‘Happy Returns’ is a classic yellow daylily.

‘Happy Returns’ is a classic yellow daylily.
Karen Russ, ©2008 HGIC, Clemson Extension

Daylilies are many gardeners’ favorite plants. They are dependable perennials, they are prolific and colorful bloomers, and they are relatively free of pests. Daylilies are tolerant of drought and flooding, immune to heat stress, tolerant of most soils and grow well in full sun or light shade. They grow well in all areas of South Carolina.


Daylilies can range in height from 8 inches to 5 feet, and flower size can be as small as 2 inches or as large as 8 inches.

Growth Rate

Daylilies may bloom the year that they are planted, even from a relatively small plant. They will reach mature size in about three to four years. Daylilies are long-lived if given even moderate care.

Ornamental Feature

Daylilies are grown for their flowers in a rainbow of colors, and many shapes and sizes. There are daylilies in bloom from late spring until autumn. Individual flowers last only one day but since each plant produces many buds, the total blooming time of a well-established clump may be 30 to 40 days. Many varieties have more than one flowering period

‘Stella de Oro’ is one of the best known reblooming daylilies.

‘Stella de Oro’ is one of the best known reblooming daylilies.
Joey Williamson, ©2008 HGIC, Clemson Extension


Daylilies are little troubled by diseases and pests. The most common disease problem is daylily leaf streak. Thrips, spider mites, aphids, slugs and snails are the main pests of daylilies. For more information see HGIC 2102, Daylily Diseases & Insect Pests.

Landscape Use

Daylilies are used for color in shrub borders and in perennial beds. They are excellent ground covers on slopes. Their roots will hold soil against erosion once established. Small cultivars can be planted in containers.

Daylilies grow best in direct sun or light shade. Darker-colored cultivars should be protected from strong afternoon sun that may fade the petals.

Daylilies prefer slightly acid (pH 6 to 6.5) well-drained soil with plenty of organic matter. They are however, very tolerant and will grow in almost any soil except poorly drained soils. If drainage is a problem, plant daylilies in raised beds.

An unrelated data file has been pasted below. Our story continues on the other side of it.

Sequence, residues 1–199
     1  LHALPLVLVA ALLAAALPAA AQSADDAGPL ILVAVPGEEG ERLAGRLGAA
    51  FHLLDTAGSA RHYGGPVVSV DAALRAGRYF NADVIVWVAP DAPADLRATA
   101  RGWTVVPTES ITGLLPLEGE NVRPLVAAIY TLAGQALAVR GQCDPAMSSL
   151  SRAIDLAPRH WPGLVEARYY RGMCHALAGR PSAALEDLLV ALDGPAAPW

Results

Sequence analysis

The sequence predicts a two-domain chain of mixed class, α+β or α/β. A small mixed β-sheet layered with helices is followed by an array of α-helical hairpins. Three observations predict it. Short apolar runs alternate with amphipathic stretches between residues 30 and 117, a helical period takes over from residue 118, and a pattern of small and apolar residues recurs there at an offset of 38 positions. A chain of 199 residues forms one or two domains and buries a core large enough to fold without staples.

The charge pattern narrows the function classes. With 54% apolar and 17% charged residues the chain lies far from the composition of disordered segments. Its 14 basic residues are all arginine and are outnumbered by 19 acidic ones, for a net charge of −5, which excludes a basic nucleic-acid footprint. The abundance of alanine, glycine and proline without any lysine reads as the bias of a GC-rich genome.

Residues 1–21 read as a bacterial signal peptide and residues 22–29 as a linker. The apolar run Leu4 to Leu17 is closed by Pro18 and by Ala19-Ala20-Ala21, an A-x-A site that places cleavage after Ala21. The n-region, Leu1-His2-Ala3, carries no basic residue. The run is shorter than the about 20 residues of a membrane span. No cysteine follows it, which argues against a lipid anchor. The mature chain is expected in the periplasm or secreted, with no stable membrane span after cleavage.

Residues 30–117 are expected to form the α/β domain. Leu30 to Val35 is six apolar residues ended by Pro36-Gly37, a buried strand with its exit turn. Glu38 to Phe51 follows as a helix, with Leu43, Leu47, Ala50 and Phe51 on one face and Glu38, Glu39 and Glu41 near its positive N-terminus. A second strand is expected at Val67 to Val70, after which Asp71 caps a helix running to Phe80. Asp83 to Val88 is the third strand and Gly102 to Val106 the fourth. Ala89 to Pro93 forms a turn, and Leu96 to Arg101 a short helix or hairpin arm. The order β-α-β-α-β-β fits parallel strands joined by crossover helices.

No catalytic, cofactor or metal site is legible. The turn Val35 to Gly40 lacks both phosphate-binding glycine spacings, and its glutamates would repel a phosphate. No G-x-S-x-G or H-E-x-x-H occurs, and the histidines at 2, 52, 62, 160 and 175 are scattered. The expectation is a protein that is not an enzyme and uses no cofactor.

The best time to plant daylilies is during early fall or early spring when soil temperatures are moderate. Daylilies will tolerate planting during any time of year. Plant daylilies 18 to 24 inches apart. Set the plant so that the crown (the point where roots and foliage meet) is no deeper than 1 inch below the surface of the soil.

Water plants thoroughly after planting, and continue to deep soak them at least weekly until established. Although daylilies are drought-tolerant once established, consistent watering while budding and flowering produces better-quality flowers.

Daylilies usually grow adequately without fertilizer but grow best when lightly fertilized. They prefer moderate nitrogen and higher rates of phosphorous and potash. Slow-release fertilizers are best for daylilies. Put down fertilizer in the early spring just as new growth commences, and again in midsummer. Make sure that the soil is moist whenever applying fertilizer. Mulch helps to conserve moisture in the soil and control weeds.

Daylilies grow rapidly to form dense clumps. Division is not essential but may revitalize flowering if the plants have become crowded. Division is the usual way to increase your supply of daylilies. Dividing is usually done following flowering, but plants will tolerate division throughout the entire growing season.